Keep an open mind and heart to the strangers among us, says Alice Nah
OUR societies are undergoing rapid change. Our shops are stocked with an increasing number of goods assembled and transported from all over the world.
The films, television shows and documentaries we watch bring us into the lives of other people and places. Our tastes – in music, art and food – are evolving as we are more exposed to different cultures.
Such change can be liberating. Such change can also bring fear – fear that our fundamental values will be challenged, that the newcomers in our communities will have what is ours, that there will not be enough space or jobs for everyone.
We may like travelling abroad and experiencing life elsewhere but we also become cautious when foreigners come and stay with us.
God is not opposed to the movement of people. He instructed Abram (before he was renamed Abraham) to leave his country, his people and his father’s home and to settle permanently in a foreign land (Genesis 12:1).
He led the Hebrew people out of slavery in Egypt into their promised land. He instructed Joseph to seek refuge in Egypt with Mary and Jesus (Matthew 2:13). He brought Paul through missionary journeys across the Mediterranean Sea.
God has much to say about how we should respond to foreigners. He tells us to have the same laws for them as for our native-born (Leviticus 24:22) and to treat them as we treat our own (Leviticus 19:34). He tells us to love them, for He too, loves them and defends their cause (Deuteronomy 19:18-19).
God also instructs us not to oppress foreigners (Exodus 22:21), not to mistreat them (Leviticus 19:33-34), or deprive them of justice (Deuteronomy 24:17).
God judges those who do so (Malachi 3:5), warning that those who withhold justice from them are cursed (Deuteronomy 27:19).
MIGRATION has increased tremendously over the past two decades. The number of migrants in Southeast Asia has more than doubled from 1990 to 2010, climbing from 3.06 million to 6.71 million according to the United Nations.
The World Bank identifies the two largest “migration corridors” in the region as being Malaysia-Singapore, with around 1 million documented migrants, and Indonesia-Malaysia, with around 700,000 documented migrants.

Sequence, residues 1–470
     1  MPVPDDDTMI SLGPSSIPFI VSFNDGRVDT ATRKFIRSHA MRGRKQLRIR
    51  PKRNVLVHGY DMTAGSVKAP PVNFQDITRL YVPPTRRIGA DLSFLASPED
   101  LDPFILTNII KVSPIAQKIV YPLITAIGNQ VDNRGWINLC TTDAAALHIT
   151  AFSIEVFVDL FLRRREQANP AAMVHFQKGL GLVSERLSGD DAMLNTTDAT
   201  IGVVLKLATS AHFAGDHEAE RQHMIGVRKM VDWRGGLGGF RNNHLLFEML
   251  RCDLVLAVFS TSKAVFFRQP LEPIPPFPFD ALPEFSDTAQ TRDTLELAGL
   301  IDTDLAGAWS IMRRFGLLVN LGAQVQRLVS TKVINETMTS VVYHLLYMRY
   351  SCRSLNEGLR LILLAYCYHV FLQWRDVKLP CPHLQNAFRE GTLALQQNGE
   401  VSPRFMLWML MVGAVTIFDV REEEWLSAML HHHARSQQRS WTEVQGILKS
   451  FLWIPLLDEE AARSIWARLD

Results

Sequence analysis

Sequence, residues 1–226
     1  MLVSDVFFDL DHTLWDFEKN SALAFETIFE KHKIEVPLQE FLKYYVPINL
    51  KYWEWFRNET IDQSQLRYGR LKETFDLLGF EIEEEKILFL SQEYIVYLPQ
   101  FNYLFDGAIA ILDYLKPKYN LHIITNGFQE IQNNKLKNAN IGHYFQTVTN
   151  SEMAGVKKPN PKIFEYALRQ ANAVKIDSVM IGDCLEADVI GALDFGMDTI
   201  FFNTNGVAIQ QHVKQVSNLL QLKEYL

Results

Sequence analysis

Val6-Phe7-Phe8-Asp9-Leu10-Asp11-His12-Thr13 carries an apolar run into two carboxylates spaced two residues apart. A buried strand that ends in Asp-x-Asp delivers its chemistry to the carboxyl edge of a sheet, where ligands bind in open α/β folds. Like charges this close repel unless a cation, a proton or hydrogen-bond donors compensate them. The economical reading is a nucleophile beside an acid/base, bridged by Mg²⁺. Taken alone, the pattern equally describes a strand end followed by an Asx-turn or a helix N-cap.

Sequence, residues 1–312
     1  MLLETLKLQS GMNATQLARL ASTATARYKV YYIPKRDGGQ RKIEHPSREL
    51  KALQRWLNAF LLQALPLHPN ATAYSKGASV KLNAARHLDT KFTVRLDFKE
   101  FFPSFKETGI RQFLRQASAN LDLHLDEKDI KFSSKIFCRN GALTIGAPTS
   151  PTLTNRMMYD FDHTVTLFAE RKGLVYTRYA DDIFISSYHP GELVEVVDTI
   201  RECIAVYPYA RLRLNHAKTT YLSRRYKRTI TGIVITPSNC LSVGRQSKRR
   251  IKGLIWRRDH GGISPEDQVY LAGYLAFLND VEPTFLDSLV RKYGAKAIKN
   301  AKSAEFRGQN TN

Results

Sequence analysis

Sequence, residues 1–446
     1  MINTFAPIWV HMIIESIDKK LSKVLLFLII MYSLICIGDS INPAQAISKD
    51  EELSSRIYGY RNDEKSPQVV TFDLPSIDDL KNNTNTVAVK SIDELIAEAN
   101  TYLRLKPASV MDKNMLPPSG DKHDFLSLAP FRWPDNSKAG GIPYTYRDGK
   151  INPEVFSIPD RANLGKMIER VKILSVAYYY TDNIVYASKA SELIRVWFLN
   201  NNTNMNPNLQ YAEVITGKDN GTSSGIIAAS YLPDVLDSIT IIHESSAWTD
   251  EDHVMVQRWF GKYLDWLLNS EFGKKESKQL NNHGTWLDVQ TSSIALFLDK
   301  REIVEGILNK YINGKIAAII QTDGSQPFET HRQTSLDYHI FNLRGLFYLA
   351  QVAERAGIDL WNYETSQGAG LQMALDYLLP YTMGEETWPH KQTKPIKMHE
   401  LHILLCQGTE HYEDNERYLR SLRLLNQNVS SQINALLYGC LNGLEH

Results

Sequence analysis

Migrants have also had a significant impact on societies in Thailand and Brunei. In contrast, Indonesia, Burma, the Philippines, Cambodia and Vietnam are primarily “sending countries”, with policies that promote emigration for economic gain.
Migrants in Southeast Asia face a number of challenges in their host countries. They are susceptible to cheating by agents and employers. Those who suffer grievances – such as unpaid wages, difficult work conditions, work-related accidents, and physical or sexual abuse – find it difficult to gain justice through the courts, which is often costly and time-consuming.
They do difficult jobs shunned by locals and face xenophobia and isolation. Those with irregular status are at threat of arrest, detention, punishment and deportation.
It is easy to ignore migrants in our societies. It is easier to walk on by than to stop, talk, find out about their lives, and befriend them. It is easier to let governments set the laws, policies and practices that shape their lives than to advocate changes that promote justice and equality.
However, God has set us a high standard by which He will judge us – He urges us to love foreigners as we love ourselves, to treat them equally and to ensure that they have justice.
This will not happen if we keep to ourselves; it happens only when we reach out in love. Let us keep an open mind and open heart to the strangers amongst us and to love as God loves them.
The writer is a Malaysian who conducts research and advocates the rights of migrants and refugees in Southeast Asia. This article was written for the Episcopal Commission for the Pastoral Care of Migrants & Itinerant People (EMI) of the Catholic Bishops’ Conference of Malaysia, Singapore and Brunei.